• A history of colorectal adenomas

DENTAL EXAM

  • Go to the dentist once or twice every year for an exam and cleaning. Your dentist will evaluate if you have a need for more frequent visits

EYE EXAM

Have an eye exam every 2 to 4 years ages 40 to 54 and every 1 to 3 years ages 55 to 64. Your provider may recommend more frequent eye exams if you have vision problems or glaucoma risk.

Have an eye exam at least every year if you have diabetes.

IMMUNIZATIONS

  • You should get a flu shot every year.
  • Your provider may recommend other vaccinations if you have certain medical conditions, such as diabetes.
  • You should have a tetanus-diphtheria booster vaccination every 10 years. If you have not received a tetanus-diphtheria and acellular pertussis (Tdap) vaccine as one of your tetanus-diphtheria vaccines, you should have it once.
  • You may get a shingles or herpes zoster vaccination once after age 60.

OSTEOPOROSIS SCREENING

  • If you are between ages 50 to 70 and have risk factors for osteoporosis, you should discuss screening with your provider.
  • Risk factors can include long-term steroid use, low body weight, smoking, heavy alcohol use, having a fracture after age 50, or a family history of osteoporosis.
Osteoporosis

PHYSICAL EXAM

  • Your blood pressure should be checked at least every year.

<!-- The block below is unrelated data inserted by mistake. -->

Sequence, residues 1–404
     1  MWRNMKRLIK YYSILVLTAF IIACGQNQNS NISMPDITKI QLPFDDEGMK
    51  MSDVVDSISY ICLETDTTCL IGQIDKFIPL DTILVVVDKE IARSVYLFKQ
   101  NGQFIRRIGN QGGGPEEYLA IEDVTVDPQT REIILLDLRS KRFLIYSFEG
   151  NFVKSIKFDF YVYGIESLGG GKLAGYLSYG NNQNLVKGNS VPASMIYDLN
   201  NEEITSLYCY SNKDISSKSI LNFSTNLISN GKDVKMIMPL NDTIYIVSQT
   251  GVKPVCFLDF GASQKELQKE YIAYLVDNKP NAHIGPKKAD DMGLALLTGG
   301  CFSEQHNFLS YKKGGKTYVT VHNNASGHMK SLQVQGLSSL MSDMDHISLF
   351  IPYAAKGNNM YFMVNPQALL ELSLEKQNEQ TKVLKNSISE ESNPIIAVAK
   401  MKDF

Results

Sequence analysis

• Your height, weight, and body mass index (BMI) should be checked at every exam.

During your exam, your provider may ask you about:

  • Depression
  • Diet and exercise
  • Alcohol and tobacco use
  • Safety, such as use of seat belts and smoke detectors

PROSTATE CANCER SCREENING

  • Most men age 50 or older should discuss screening for prostate cancer with their provider. African American men and those with a family history of prostate cancer in a first degree relative younger than age 65 should discuss screening at age 45.
  • The potential benefits of PSA testing as a routine screening test have not been shown to outweigh the harms of testing and treatment. If you choose to be tested, the PSA blood test is most often done every year.
  • Prostate examinations are no longer routinely done on men with no symptoms.
Indications

TESTICULAR EXAM

  • The US Preventive Services Task Force (USPSTF) now recommends against performing testicular self-exams. Doing testicular self-exams has been shown to have little to no benefit.

LUNG CANCER SCREENING

The USPSTF recommends annual screening for lung cancer with low-dose computed tomography (LDCT) in adults ages 55 to 80 years who:

  • Have a 30 pack-year smoking history AND
  • Currently smoke or have quit within the past 15 years

Alternative Names

Health maintenance visit - men - ages 40 to 64; Physical exam - men - ages 40 to 64; Yearly exam - men - ages 40 to 64; Checkup - men - ages 40 to 64; Men's health - ages 40 to 64; Preventive care - men - ages 40 to 64

References

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Review Date 5/22/2015

Updated by: Laura J. Martin, MD, MPH, ABIM Board Certified in Internal Medicine and Hospice and Palliative Medicine, Atlanta, GA. Internal review and update on 08/05/2016 by David Zieve, MD, MHA, Isla Ogilvie, PhD, and the A.D.A.M. Editorial team.